Research Article

Cytogenetic aspects of a canine breast carcinosarcoma - a case report.

Published: May 25, 2017
Genet. Mol. Res. 16(2): gmr16029433 DOI: 10.4238/gmr16029433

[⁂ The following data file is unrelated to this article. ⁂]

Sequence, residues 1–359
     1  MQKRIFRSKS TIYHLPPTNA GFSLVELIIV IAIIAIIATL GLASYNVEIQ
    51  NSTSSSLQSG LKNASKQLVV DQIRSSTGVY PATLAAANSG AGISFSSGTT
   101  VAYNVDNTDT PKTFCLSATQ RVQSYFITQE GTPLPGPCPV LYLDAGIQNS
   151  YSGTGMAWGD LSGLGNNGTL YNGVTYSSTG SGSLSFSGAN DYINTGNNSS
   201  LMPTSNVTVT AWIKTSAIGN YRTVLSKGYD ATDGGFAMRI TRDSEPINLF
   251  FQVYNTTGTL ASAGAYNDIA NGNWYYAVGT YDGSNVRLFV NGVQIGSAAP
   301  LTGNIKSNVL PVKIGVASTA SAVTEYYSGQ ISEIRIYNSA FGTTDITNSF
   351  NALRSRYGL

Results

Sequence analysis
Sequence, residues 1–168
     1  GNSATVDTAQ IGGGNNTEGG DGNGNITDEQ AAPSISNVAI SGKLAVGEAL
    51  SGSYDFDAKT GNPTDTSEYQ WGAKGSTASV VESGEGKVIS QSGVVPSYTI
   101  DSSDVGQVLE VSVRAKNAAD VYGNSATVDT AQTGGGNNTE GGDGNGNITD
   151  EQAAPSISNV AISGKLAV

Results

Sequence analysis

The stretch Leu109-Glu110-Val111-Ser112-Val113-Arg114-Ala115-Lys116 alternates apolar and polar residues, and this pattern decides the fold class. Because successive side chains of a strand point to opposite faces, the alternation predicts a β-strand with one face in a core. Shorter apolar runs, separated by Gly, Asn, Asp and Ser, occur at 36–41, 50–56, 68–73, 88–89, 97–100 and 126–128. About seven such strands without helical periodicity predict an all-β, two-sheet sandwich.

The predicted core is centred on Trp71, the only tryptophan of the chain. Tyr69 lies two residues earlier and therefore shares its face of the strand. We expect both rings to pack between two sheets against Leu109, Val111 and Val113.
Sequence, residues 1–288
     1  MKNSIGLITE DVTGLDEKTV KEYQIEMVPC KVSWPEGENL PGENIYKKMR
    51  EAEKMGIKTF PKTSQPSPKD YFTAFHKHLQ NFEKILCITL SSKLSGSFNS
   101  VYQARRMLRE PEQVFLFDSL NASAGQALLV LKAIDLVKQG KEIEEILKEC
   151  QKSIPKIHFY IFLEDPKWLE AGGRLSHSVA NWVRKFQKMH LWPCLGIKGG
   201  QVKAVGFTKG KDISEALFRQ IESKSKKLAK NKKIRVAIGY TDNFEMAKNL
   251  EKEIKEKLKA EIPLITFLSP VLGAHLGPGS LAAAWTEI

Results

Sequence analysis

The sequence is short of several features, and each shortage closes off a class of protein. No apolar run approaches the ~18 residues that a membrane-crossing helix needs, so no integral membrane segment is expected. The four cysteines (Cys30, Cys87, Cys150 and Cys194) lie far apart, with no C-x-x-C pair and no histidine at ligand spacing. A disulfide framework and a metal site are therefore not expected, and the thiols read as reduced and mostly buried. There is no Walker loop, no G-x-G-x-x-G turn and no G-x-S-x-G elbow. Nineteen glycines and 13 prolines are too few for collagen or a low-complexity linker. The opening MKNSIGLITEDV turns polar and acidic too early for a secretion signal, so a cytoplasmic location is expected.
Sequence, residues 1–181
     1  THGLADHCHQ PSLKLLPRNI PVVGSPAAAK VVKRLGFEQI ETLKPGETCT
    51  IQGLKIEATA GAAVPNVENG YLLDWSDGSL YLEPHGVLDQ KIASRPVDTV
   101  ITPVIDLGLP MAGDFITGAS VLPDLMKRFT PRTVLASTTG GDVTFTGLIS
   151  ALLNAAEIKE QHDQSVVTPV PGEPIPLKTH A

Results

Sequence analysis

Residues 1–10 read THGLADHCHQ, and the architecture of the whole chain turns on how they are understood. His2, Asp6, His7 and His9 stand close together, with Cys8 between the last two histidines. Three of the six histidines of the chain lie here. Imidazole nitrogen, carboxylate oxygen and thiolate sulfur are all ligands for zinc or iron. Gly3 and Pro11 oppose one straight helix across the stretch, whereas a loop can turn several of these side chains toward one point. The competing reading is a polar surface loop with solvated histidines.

This study searched a rare and aggressive type of cancer in dogs and humans, the breast carcinosarcoma. Both clinical and pathological traits of mammary carcinosarcomas in dogs are similar to humans, such as infrequent occurrence, fast tumor growth, and unfavorable prognosis when compared to carcinomas. Other possible alterations include chromosomal abnormalities that can be useful for the identification of tumoral cells and diagnosis. The aim of this study was to compare the chromosomal features of peripheral lymphocytes and tumor cells in a mammary carcinosarcoma of a 14-year-old female Poodle. Chromosomes were analyzed from 210 metaphases by conventional Giemsa staining, C-banding, and base-specific fluorochrome staining with chromomycin A3 (CMA) and DAPI. Of the 105 blood cells, 56.3% followed the standard karyotype of dogs (2n = 78). In contrast, the carcinosarcoma cells showed high chromosomal numbers (104 to 153), divided into 80% hypertriploid (118 to 136 chromosomes), 10.5% hypotetraploid (137 to 153 chromosomes), 5.7% hypotriploid (104 to 116 chromosomes), and 3.8% triploid cells (117 chromosomes). Among the aneuploid cells identified, we highlighted the trisomy of pair 1 and X chromosome once these elements were easily recognized in karyotype because of their size (pair 1) or differential morphology. Heterochromatin in normal cells was restricted to the pericentromeric region of all chromosomes while few C-bands were observed in tumor cells. This apparent loss of heterochromatin in neoplastic cells was supposed to favor centric fusion among formerly acrocentric chromosomes. Fluorochrome staining reinforced this hypothesis once GC-rich segments (CMA) were identified on 10 chromosomes from normal cells (2n = 78) whereas carcinosarcoma metaphases had up to 11 chromosomes bearing CMA signals in spite of their remarkable high chromosomal numbers. We concluded that, like in humans, the carcinosarcoma in dogs caused genome instability that eventually led to structural and numerical chromosomal aberrations. Besides, this study reinforced the importance of cytogenetic studies in dogs as a reference material for human cancer studies, especially in rare cases, since it is possible to increase knowledge about the characteristics of breast neoplasms in which there is a little availability of similar cases for comparative studies.